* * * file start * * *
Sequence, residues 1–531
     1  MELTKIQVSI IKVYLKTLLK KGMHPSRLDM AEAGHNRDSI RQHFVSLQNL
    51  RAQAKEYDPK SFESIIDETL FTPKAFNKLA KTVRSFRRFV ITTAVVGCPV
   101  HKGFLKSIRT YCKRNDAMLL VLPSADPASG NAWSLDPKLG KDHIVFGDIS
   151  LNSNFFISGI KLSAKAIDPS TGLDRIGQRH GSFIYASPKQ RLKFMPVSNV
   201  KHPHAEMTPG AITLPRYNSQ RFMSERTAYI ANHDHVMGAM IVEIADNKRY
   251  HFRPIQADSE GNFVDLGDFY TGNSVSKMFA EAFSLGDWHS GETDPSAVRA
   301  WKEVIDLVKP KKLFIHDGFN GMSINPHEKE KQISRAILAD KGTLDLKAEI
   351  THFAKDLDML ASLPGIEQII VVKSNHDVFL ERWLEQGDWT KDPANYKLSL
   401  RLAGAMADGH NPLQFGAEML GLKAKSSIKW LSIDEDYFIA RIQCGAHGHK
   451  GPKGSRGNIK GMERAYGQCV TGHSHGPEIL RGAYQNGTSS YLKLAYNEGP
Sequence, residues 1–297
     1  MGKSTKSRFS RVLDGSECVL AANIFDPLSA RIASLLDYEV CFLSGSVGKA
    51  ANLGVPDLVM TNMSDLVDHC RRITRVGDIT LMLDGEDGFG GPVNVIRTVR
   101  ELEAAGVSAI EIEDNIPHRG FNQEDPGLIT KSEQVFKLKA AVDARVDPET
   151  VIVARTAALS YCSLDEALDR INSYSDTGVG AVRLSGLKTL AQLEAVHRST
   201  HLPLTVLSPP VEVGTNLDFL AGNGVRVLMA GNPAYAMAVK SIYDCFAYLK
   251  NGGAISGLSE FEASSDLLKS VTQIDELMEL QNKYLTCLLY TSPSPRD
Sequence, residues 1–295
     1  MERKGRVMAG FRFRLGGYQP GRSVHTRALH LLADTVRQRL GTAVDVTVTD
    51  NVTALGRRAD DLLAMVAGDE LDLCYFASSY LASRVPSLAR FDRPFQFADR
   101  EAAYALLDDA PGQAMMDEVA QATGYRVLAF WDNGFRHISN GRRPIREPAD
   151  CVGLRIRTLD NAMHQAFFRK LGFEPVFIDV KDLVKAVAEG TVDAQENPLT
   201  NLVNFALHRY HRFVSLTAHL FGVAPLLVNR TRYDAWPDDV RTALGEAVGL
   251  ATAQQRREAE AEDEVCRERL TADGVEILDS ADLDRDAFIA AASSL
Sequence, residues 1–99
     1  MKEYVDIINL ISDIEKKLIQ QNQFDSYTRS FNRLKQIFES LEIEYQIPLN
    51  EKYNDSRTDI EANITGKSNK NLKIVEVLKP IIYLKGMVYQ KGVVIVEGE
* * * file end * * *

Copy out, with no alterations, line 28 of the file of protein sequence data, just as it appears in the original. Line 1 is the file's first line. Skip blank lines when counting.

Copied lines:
    51  EKYNDSRTDI EANITGKSNK NLKIVEVLKP IIYLKGMVYQ KGVVIVEGE